What were the best graphic books of 2017?

best graphicI’ve been reading more graphic books lately — graphic novels, graphic short stories, graphic memoirs, graphic biographies — and I’ve found that many outlets posted “best of 2017” lists.

I went through 15 “best of 2017” lists and identified the 100 graphic books that were recommended between them. A total of 10 books were recommended at least 3 “best of” lists. I’ve read half of the top 10, and they really are excellent, but there are many gems deeper down the list. So don’t stop digging.

The top 10 are listed below. The full list of 100 recommendations is available here. The numbering is funny because I use the same number — such 2a and 2b — if books received the same number of recommendations.

1. My Favorite Thing Is Monsters, by Ferris (recommended on 11 lists)

2a. The Best We Could Do: An Illustrated Memoir, by Bui (9 lists)

2b. Boundless, by Tamaki (9 lists)

4. Everything Is Flammable, by Bell (6 lists)

5. Hostage, by Delisle (5 lists)

6a. Imagine Only Wanting This, by Radtke (4 lists)

6b. Spinning, by Walden (4 lists)

8a. The Flintstones, Volume 1, by Russell & Pugh (3 lists)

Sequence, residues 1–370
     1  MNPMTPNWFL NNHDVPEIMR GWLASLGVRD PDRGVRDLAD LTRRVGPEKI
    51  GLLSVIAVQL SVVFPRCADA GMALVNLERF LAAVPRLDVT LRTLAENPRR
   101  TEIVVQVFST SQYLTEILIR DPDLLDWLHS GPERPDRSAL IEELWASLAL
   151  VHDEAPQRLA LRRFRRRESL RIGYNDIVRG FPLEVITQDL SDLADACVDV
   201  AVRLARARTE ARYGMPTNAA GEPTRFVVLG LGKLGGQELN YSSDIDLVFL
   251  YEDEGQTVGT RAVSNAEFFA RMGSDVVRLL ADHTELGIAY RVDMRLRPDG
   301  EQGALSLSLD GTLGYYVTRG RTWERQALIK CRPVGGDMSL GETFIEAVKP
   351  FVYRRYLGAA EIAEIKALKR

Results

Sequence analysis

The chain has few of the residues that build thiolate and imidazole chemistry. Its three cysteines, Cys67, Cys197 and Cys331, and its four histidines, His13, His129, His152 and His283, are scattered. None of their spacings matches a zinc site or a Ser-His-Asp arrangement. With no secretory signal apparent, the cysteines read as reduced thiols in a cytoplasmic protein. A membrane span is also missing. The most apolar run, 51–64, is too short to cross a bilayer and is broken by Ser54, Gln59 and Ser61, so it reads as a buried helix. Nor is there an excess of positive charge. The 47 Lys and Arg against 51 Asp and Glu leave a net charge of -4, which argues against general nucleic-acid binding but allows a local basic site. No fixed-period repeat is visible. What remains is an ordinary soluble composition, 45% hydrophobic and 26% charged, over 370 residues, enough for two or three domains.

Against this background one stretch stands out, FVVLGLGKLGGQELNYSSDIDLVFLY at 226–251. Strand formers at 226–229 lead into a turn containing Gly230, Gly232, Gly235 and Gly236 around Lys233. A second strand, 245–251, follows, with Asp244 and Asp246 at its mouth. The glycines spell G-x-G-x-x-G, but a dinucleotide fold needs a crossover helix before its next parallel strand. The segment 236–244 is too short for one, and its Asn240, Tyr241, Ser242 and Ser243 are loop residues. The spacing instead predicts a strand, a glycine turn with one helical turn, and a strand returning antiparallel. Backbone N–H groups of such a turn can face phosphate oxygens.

8b. Shade the Changing Girl, Volume 1, by Castellucci & Zarcone (3 lists)

8c. You & a Bike & a Road, by Davis (3 lists)

Eight of the top ten are by women, which is cool (1, 2a, 2b, 4, 6a, 6b, 8b, and 8c).

Happy reading!

 

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3 thoughts on “What were the best graphic books of 2017?”

  1. […] Shade the Changing Girl (Volume 1): Earth Girl Made Easy, by Cecil Castellucci et al. — Okay, so a bird creature (Loma Shade) from another planet steals a “madness coat” from a museum and uses it to take over the body of an teenage earth girl in a coma. It turns out that the earth girl was manipulative and mean, and people on Loma’s home planet are after her — they want that coat! Occasionally confusing but gorgeous visuals and fun story, with a healthy appreciation of poetry: “There is a poem for every feeling. It’s what gets me through when fear threatens to overwhelm.” Included among the “best graphic books of 2017.” […]

  2. […] The Flintstones: Volume 1, by Mark Russell and Steve Pugh — Russell and Pugh use Flintstones characters and settings as backdrop for serious social satire, looking at topics from marriage equality to war to consumerism to animal rights. The main characters feel very human (and not at all prehistoric), and the backdrop is littered with artistic humor in Bedrock’s signage (“Tonight! Primitive art!”; “Hominid Resources”; “Neandertall and Big Men’s Clothing”; “Spears and Roebuck”). This was among the best graphic works of 2017. […]

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